Indigenous Peoples and REDD+: A Critical Perspective

TraceyOsborne_SGDphotoBy Tracey Osborne

A new report on REDD+ and indigenous peoples, written by PPEL members has been recently published. The report, titled Indigenous Peoples and REDD+: A Critical Perspective was commissioned by Indigenous People’s Biocultural Climate Change Assessment Initiative (IPCCA), a NGO based in Cusco, Peru. IPCCA works closely with indigenous communities around the world to assess local strategies for climate change mitigation and adaptation. The report is deeply informed by political ecology literatures on the commodification of nature, environmental governance, and indigenous rights. It tackles critical issues on REDD+ such as land tenure, benefit-sharing, safeguards and finance – particularly the role of market mechanisms, which is a key concern of indigenous and forest dependent communities. These issues are likely to be raised and debated in the upcoming international climate change meeting (COP 20) in Lima, Peru. Therefore, our intention is that this timely intervention provides some clarity into a highly complex set of issues around REDD+. This report represents a prime example of public political ecology, as it is based on rigorous research that includes a comprehensive review of the literature on REDD+ and indigenous peoples, and offers a set of recommendations for climate change mitigation in forests with special emphasis on the rights of indigenous peoples. See the report’s executive summary below. You can also download the full report here.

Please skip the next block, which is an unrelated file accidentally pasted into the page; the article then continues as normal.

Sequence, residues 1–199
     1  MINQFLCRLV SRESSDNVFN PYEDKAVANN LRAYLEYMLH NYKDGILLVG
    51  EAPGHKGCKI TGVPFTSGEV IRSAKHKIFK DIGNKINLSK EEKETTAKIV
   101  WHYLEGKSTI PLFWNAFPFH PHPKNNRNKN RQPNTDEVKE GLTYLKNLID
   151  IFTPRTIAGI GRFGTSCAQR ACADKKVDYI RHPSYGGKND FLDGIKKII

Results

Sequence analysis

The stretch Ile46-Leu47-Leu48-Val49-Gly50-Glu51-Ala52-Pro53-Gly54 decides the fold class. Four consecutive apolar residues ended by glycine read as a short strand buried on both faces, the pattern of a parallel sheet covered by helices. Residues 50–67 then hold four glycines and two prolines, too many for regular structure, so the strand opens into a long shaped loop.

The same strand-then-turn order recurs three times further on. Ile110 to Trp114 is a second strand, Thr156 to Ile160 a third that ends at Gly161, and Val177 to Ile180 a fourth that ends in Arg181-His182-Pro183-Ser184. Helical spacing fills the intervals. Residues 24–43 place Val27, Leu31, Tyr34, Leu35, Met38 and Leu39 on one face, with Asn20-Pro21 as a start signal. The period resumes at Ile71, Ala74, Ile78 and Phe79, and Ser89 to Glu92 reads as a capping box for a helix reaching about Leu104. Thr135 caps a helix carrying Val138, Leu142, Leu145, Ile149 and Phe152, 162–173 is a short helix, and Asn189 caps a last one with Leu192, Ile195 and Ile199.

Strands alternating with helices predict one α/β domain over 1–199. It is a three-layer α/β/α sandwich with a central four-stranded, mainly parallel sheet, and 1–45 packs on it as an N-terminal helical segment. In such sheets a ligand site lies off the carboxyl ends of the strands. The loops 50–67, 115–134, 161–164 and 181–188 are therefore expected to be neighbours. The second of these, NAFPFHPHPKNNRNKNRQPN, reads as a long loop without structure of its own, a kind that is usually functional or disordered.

Tracey Osborne is an Assistant Professor at the School of Geography and Development, University of Arizona


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